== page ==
Guidance for British people travelling overseas during the coronavirus (COVID-19) pandemic.
COVID-19 Exceptional Travel Advisory Notice
The Foreign & Commonwealth Office (FCO) currently advises British nationals against all but essential international travel. This advice is being kept under constant review.
Avoid non-essential international travel
You should not travel abroad unless it is essential. We are monitoring the international situation very closely and keeping this advice under continuous review so that it reflects our latest assessment of risks to British people. Find out more about how our travel advice works.
If you have travel plans in the immediate future, follow these steps:
- contact your airline, travel company, cruise line or other transport and accommodation providers
- get in touch with your insurance provider
If you plan to travel in the weeks and months ahead, keep up-to-date with our travel advice pages and sign up to email alerts for the latest information. You should also keep updated on information from your airline, accommodation provider or tour operator about your booking.
If your travel is essential, see our guidance on international travel.
International freight transport is an essential activity in the context of travel advice. Read the Department for Transport guidance for the freight transport industry.
The FCO was already advising against all but essential travel or all travel to some areas or countries due to risks that do not relate to coronavirus. This advice remains in place. Check FCO travel advice pages for the latest information.
If you’re travelling abroad
If you’re currently travelling abroad and you would like to return to the UK, you should:
- contact your airline or travel company now
- keep up-to-date with our travel advice pages. Our advice on returning to the UK from each country is being updated as information becomes available
- for real-time updates, follow our embassy or high commission’s social media for the country you’re in
Getting flights back to the UK
The government is working in partnership with the airline industry to help British people travelling abroad to return to the UK.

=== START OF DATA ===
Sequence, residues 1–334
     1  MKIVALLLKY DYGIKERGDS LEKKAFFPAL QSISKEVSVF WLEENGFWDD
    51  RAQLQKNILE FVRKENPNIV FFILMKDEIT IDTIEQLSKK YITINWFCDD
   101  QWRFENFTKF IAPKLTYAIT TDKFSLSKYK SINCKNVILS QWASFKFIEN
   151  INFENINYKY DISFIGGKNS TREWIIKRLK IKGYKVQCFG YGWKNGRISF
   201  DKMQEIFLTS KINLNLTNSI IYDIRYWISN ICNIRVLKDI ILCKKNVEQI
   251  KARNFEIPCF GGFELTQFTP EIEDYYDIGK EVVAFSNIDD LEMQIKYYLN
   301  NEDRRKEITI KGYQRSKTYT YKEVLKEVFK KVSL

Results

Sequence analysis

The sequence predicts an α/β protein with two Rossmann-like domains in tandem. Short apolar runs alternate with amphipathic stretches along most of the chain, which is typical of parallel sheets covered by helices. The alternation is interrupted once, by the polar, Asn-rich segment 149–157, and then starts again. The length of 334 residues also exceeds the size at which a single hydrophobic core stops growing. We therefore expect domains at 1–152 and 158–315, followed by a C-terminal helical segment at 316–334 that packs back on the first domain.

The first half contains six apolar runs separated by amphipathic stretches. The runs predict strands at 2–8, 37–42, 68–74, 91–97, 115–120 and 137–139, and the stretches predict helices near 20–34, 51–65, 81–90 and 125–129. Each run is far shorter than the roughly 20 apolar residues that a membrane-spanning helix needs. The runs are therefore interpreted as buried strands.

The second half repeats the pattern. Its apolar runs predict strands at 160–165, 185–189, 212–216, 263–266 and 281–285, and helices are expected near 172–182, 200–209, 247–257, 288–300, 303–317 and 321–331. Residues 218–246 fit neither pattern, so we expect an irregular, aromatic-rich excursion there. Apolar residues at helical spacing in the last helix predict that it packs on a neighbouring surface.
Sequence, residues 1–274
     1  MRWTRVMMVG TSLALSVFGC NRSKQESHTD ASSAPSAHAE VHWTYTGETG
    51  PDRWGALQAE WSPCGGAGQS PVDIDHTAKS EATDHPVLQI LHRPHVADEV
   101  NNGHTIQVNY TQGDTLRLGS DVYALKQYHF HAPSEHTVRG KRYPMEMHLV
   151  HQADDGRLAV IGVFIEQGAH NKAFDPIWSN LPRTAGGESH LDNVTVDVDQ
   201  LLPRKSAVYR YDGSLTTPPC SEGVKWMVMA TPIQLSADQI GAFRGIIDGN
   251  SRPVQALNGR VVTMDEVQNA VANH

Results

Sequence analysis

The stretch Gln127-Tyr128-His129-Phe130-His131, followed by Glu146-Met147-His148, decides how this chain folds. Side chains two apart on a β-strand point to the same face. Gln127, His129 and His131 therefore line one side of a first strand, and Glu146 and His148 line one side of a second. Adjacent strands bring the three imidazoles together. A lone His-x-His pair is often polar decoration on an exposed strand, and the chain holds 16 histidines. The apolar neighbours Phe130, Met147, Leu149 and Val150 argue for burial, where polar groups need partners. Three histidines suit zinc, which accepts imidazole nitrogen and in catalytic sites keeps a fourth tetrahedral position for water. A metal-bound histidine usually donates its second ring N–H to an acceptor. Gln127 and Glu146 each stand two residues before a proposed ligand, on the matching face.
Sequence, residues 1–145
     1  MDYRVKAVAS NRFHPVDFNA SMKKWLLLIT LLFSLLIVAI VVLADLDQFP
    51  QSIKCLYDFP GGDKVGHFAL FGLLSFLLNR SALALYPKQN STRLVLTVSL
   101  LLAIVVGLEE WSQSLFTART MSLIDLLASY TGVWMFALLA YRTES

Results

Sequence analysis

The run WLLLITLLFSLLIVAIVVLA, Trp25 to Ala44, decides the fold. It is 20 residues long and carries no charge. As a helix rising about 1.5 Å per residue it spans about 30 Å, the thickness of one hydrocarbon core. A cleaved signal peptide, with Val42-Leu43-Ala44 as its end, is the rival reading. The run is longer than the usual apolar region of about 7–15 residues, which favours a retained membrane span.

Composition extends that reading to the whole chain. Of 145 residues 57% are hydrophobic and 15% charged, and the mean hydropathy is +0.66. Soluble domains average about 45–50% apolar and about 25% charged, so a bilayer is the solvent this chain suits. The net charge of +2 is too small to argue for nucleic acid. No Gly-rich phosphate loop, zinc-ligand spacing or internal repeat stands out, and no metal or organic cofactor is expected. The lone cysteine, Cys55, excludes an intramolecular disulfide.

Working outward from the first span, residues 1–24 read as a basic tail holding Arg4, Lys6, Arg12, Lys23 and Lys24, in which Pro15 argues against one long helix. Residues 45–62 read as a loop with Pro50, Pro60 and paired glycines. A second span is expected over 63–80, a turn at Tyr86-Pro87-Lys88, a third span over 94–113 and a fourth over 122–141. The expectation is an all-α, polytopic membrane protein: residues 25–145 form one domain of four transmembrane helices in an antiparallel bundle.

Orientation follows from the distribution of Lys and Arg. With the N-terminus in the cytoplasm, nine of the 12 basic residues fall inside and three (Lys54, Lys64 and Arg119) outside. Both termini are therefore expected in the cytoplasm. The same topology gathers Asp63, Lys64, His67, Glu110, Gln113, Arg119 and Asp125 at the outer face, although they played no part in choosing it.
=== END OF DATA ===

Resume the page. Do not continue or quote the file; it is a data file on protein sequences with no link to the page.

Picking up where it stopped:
If you are in a country where UK-bound flights are still available, book or rebook your flight and return home as soon as possible. Airlines are responsible for getting their passengers with pre-booked tickets home from countries where commercial flights are still operating.
Where commercial flights are not available, you may be eligible for a special charter flight. You should check the ‘Return to the UK’ section of your country’s travel advice page to see if a flight is available. See also our general guide to the booking process for special charter flights.
If there are no commercial or special charter flights for the country you’re in, follow the guidance in the ‘Staying during coronavirus’ section of that country’s travel advice and see our guide to staying where you are if you cannot return home.
If you cannot afford the cost of a flight to return, and have exhausted all other funding options, you may be eligible to apply for an emergency loan from the government:
to apply for a loan for a commercial flight, find out who to contact about emergency loans
you can request a loan to pay for a special charter flights, when you are asked to pay. See the travel advice ‘Return to the UK’ section for the country you are in
You should also sign up for Travel Advice email alerts, to get our latest advice if the situation changes.
Return travel and your health
It is a personal decision whether to travel back to the UK. You should consider your individual circumstances and the range of information available to you, including travel advice, to decide what is right for you.
If you are concerned about risks to your health, for example you are following UK or local guidance to shield or self-isolate, you may wish to seek professional health advice locally or from your usual doctor in the UK.
Read further advice on avoiding infection during your journey home and preventive measures to take on your return.
When you return to the UK: protect yourself and others
The rules for entering or returning to the UK are changing on 8 June.
Until 7 June
When you return to the UK from a flight from another country, go straight home, avoiding public transport where possible. If you can, wear a face covering if you need to use public transport, and see safer travel guidance for passengers. Only people living in your household should collect you on arrival.
If you are remaining in England: